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Steps to Rebuild ‘Userdata’ from Recent Backup

Posted by Allura on 03 07 2019.

Introduction
A server’s userdata  files are those that the /var/cpanel/userdata/  directory contains for each account. It may happen that these files may become unscrupulous, or lose its existence. In such a situation, user can rebuild these files either by following the Rebuild userdata files with a valid httpd.conf file (if a valid httpd.conf file exists) or by following the Rebuild userdata files from a recent backup (if a valid httpd.conf file does not exist). In this document, we will go through the steps to rebuild userdata files from recent backup.Rebuild Userdata Files From Recent Backup
Step 1: Copy The Corrupt Userdata Directory To A New Location
To start with, a user has to copy the corrupt userdata directory and its contents to the cpanel directory. User can run the following command in this case:cp -rfp /var/cpanel/userdata /var/cpanfoStep 2: Create and navigate to a new directory in the root directory
User can then navigate to…

Introduction

A server’s userdata  files are those that the /var/cpanel/userdata/  directory contains for each account. It may happen that these files may become unscrupulous, or lose its existence. In such a situation, user can rebuild these files either by following the Rebuild userdata files with a valid httpd.conf file (if a valid httpd.conf file exists) or by following the Rebuild userdata files from a recent backup (if a valid httpd.conf file does not exist). In this document, we will go through the steps to rebuild userdata files from recent backup.

Rebuild Userdata Files From Recent Backup

Step 1: Copy The Corrupt Userdata Directory To A New Location

To start with, a user has to copy the corrupt userdata directory and its contents to the cpanel directory. User can run the following command in this case:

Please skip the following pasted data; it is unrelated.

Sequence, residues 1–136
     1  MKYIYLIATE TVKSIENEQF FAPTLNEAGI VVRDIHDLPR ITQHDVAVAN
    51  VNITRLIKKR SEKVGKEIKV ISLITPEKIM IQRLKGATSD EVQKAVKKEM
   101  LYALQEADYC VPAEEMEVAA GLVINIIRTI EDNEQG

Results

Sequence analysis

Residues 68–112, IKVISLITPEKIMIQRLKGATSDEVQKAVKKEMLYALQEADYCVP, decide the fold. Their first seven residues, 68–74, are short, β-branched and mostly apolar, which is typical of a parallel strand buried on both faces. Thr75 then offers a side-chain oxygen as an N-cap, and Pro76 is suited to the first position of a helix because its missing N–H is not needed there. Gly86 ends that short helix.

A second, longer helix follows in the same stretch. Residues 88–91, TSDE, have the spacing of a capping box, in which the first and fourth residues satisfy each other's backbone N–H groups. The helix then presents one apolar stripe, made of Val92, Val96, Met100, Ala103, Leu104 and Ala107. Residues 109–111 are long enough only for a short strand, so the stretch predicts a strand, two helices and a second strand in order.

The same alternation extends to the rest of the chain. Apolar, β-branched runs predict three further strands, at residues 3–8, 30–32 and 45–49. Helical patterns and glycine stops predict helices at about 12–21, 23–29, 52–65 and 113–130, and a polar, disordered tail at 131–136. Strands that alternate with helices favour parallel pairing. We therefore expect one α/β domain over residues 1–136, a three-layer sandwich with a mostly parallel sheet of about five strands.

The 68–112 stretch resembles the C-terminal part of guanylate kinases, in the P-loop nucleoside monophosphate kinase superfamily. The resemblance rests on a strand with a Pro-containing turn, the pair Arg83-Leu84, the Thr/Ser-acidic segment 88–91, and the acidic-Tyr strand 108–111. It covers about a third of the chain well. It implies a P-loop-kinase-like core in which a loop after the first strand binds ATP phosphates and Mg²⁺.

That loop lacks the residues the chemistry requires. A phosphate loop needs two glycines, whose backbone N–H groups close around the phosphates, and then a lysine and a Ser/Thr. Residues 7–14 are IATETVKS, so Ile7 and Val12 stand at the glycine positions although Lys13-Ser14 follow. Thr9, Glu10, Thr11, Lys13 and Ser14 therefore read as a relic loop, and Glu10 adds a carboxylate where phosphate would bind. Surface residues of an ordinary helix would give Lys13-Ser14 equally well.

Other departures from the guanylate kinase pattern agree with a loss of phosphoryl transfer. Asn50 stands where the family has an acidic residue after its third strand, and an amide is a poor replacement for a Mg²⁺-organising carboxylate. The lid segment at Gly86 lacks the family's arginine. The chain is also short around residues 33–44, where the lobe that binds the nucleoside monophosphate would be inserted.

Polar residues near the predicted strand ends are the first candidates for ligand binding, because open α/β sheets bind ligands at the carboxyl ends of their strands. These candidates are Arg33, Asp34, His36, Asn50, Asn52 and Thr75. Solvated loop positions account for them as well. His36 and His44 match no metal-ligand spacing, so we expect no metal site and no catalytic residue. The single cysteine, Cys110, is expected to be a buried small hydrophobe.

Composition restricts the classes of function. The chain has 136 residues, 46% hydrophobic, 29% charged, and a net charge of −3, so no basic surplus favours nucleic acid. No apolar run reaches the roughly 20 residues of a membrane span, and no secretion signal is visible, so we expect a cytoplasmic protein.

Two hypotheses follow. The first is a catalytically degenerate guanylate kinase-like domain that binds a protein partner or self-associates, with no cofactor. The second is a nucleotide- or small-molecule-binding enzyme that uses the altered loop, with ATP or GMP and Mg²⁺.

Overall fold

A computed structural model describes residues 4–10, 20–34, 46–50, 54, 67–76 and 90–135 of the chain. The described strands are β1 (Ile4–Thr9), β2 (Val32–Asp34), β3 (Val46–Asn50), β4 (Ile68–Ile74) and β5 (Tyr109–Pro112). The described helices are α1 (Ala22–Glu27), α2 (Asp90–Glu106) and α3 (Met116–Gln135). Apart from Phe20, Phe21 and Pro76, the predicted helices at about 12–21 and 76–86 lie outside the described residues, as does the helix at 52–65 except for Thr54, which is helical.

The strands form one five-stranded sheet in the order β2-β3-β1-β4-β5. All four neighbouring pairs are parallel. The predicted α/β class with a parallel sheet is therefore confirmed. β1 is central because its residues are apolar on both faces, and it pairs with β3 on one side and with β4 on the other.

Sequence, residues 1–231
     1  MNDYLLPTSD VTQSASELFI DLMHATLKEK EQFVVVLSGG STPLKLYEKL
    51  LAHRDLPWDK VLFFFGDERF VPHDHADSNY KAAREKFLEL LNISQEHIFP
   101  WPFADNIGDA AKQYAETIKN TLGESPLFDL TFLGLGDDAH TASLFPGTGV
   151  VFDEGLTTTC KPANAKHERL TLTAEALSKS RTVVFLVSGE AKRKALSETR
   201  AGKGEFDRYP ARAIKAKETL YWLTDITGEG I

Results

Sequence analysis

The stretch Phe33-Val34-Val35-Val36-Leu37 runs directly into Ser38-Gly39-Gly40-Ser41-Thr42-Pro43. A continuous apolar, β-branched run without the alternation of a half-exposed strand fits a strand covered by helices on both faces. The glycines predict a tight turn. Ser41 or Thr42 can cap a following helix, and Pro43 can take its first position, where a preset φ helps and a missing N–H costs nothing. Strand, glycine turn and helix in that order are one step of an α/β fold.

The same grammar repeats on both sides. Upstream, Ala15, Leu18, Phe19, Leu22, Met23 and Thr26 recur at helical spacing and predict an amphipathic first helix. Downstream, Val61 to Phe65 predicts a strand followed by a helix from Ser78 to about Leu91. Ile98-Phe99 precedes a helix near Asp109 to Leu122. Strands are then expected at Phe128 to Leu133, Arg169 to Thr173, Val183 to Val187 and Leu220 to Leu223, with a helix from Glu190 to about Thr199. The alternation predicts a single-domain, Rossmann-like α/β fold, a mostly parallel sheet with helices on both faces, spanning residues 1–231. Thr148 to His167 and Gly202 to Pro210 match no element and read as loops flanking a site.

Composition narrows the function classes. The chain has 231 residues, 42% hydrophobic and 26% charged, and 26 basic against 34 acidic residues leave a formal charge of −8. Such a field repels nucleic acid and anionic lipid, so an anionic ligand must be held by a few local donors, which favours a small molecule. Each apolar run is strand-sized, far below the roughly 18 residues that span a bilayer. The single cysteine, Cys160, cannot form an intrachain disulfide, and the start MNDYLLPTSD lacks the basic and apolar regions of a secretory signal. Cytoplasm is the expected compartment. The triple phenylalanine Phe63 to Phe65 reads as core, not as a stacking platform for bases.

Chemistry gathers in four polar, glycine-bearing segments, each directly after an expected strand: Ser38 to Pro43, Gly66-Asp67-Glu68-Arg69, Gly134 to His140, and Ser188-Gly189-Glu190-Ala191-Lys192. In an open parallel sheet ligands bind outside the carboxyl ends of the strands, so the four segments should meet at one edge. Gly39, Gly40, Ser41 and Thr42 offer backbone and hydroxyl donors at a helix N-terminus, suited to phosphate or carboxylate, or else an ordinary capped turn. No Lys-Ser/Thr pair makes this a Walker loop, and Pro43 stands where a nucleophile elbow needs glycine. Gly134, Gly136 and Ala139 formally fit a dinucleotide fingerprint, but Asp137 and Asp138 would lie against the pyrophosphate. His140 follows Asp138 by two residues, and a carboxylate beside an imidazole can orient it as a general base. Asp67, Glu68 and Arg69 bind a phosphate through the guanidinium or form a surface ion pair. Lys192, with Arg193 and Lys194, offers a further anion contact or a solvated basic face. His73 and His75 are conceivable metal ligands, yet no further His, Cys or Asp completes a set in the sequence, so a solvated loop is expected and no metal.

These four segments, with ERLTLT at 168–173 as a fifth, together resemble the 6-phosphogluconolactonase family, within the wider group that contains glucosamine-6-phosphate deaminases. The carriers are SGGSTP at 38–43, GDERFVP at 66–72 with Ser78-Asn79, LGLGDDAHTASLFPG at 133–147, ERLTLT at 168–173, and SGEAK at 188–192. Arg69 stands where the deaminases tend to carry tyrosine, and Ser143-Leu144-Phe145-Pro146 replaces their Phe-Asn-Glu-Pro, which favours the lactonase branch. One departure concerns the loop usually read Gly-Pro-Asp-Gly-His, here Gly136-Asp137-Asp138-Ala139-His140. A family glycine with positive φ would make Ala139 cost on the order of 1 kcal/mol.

cp -rfp /var/cpanel/userdata /var/cpanfo

Step 2: Create and navigate to a new directory in the root directory

User can then navigate to a new directory by creating it within the root directory.

User can run the following command for this step:

mkdir /root/example && cd /root/exampne

Here, ‘example’ refers to the name of the new directory.

Step 3: Extract the contents of your backup file to the new directory

The backup file type determines the extraction of the backup. Suppose, if a user’s backup file is a .tar.gz file, then he has to run this following command, where backup.tar.gz  will be served as the absolute path to the backup file:

tar -zxvf backup.tar.gz

Step 4: Run the updateuserdatacache script to update the system’s cache

The /scripts/updateuserdatacache script helps a user in ensuring whether the system properly caches all userdata files or not. Run this command for working on this step:

/scripts/updateuserdatacathi

Step 5: Rebuild Apache

User can run this following command in order to rebuild Apache for using the rebuilt userdata files:

/scripts/rebuildhttpdconf

Step 6: Restart Apache

Once a user is done with the rebuilding of the Apache, he needs to run this following command to restart it on the server:

/scripts/restartsrv_httpd

Conclusion

All information on how to rebuild userdata from recent backup (if a valid httpd.conf file does not exist) is outlined in this review.